Suffolk mosquitoes test positive for diseases

Published 4:14 pm Friday, August 9, 2019

The city of Suffolk announced Friday it has detected West Nile Virus and Eastern Equine Encephalitis in mosquitoes collected from the following areas and neighborhoods:

  • WNV — Bennett’s Harbor, Lakeside, North Street, Philadelphia, Pleasant Hill, Suburban Woods, and West Jericho
  • EEE — Clay Hill Area, Lake Kennedy, Lamb Avenue area, and Suburban Woods

Citizens should be aware that there is increased West Nile Virus and Eastern Equine Encephalitis activity in these areas, and they should take the necessary actions to protect themselves while engaging in outdoor activities.

West Nile Virus infected individuals can show no symptoms, mild symptoms, or severe symptoms. According to medical statistics, 80 percent of people who are infected with WNV will not show any symptoms at all. Up to 20 percent of the people who exhibit mild symptoms of WNV have flu-like symptoms and sometimes swollen lymph glands or a skin rash on the chest, stomach and back. In the most severe of cases (1 of 150) of WNV, individuals will develop severe illness, which can include high fever, headache, neck stiffness, stupor, disorientation, coma, tremors, convulsions, muscle weakness, vision loss, numbness and paralysis.

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Eastern Equine Encephalitis is a very rare human disease that affects five to 10 humans annually in the United States. EEE infection in humans begins with mild flu-like symptoms and progresses into disorientation, seizures, coma and encephalitis (an inflammation of the brain), and in the most severe cases, individuals die. Many that survive are reported to have mild to severe brain damage. It is important to note that there have never been human cases of Eastern Equine Encephalitis reported in Suffolk.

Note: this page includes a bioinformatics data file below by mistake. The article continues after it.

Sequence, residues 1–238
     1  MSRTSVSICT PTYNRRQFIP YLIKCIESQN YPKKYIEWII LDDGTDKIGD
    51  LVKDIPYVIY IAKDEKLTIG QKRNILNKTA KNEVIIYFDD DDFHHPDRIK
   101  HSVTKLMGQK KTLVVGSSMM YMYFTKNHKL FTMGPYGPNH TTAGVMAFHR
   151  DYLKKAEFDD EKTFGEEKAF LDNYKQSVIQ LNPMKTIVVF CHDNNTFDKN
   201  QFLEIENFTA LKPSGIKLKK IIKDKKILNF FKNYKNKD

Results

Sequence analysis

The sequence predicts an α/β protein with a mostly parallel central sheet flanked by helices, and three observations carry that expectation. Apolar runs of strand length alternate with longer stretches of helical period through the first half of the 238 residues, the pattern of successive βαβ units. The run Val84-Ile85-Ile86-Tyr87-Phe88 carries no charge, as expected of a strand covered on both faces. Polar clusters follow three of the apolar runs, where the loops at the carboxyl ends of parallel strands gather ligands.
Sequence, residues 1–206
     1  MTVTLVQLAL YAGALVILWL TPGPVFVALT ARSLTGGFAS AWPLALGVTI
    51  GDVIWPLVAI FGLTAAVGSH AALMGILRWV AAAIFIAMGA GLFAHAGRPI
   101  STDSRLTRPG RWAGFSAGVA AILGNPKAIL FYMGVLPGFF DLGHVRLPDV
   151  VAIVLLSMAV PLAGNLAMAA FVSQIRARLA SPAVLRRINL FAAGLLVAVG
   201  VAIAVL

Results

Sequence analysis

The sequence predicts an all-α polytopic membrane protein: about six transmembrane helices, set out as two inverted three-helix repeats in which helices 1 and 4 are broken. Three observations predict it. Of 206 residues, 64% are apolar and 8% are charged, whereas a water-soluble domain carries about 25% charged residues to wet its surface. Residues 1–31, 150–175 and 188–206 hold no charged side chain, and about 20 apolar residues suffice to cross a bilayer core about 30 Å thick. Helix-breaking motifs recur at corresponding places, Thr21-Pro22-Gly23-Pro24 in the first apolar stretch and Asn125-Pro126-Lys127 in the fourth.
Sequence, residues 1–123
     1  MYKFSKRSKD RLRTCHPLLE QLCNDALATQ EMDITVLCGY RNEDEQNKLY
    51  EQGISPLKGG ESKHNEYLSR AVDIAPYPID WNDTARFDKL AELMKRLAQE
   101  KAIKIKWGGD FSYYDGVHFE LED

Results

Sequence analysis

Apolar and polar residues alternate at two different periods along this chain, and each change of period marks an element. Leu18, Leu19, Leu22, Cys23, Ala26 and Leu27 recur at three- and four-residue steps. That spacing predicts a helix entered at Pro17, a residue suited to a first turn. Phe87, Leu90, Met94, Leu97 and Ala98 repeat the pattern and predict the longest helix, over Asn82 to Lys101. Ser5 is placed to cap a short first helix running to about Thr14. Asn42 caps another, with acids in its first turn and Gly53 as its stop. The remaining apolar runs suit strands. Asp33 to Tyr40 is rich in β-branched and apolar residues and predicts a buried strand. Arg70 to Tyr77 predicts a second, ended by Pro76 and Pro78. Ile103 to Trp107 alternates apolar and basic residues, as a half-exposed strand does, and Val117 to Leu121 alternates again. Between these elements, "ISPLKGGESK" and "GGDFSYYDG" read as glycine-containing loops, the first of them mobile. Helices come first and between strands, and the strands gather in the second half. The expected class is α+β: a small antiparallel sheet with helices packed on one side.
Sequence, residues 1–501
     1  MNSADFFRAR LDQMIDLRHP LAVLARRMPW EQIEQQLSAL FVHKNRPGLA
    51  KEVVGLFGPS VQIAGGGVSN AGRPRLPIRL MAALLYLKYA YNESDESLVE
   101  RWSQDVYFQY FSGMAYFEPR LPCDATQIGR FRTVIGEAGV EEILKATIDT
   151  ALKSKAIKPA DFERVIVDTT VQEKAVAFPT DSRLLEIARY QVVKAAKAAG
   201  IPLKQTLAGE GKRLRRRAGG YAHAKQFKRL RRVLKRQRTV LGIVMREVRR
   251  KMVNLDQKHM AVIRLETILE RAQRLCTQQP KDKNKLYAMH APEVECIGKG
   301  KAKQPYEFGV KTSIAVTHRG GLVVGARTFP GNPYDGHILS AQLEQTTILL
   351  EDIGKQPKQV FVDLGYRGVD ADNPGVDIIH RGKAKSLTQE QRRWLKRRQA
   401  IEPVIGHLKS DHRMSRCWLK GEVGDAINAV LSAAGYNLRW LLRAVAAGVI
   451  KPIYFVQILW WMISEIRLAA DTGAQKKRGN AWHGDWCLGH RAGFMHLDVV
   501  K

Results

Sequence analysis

Horses are commonly found with Eastern Equine Encephalitis in Suffolk. Mosquito Control urges horse owners to vaccinate their horses for Eastern Equine Encephalitis and any other insect-transmitted diseases that could affect their animals. Properly timed and administered vaccinations by a licensed veterinarian can mean a healthy horse during the mosquito season.

Mosquito Control Operations are intensifying their efforts in these areas as a result of these positive test confirmations. Increased mosquito surveillance, treatment of standing water and spraying for adult mosquitoes are also being administered.

You can greatly decrease your chances of contracting WNV and EEE by protecting yourself from excessive mosquito bites while outdoors by following these recommendations:

  • Remain indoors during times of greatest mosquito activity (1 hour before dusk to 1 hour before dawn)
  • Wear loose, long and light-colored clothing when outdoors
  • Use insect repellants containing DEET according to the label instructions.

You can contribute to these efforts by eliminating mosquito-breeding areas around your home and neighborhood by following these steps:

  • Empty water-holding containers — buckets, drums, bottles, tin cans, wheel barrows, potted plant trays, etc.
  • Properly dispose of used tires.
  • Clear roof gutters, downspouts and corrugated drainpipes for any water collection.
  • Clean wading and swimming pools
  • Drain water from tarps
  • Place Mosquito Dunks in stagnant water areas around your home, which include ditches and low lying areas

Free Mosquito Dunks are available to Suffolk citizens at fire stations, the Department of Media & Community Relations office in City Hall, Whaleyville Recreation Center, East Suffolk Recreation Center, and all Suffolk Public Libraries. In order to get your free Mosquito Dunks, you must be 18 years of age or older, have proof of residence in Suffolk, proper picture identification and sign the “Information Sheet” at the location of pick-up. Placing Mosquito Dunks in stagnant water habitats is a common practice used to eliminate mosquito larvae.

For more information about Suffolk Mosquito Control, contact Charles Abadam, Suffolk Mosquito Control Superintendent, at 514-7609, or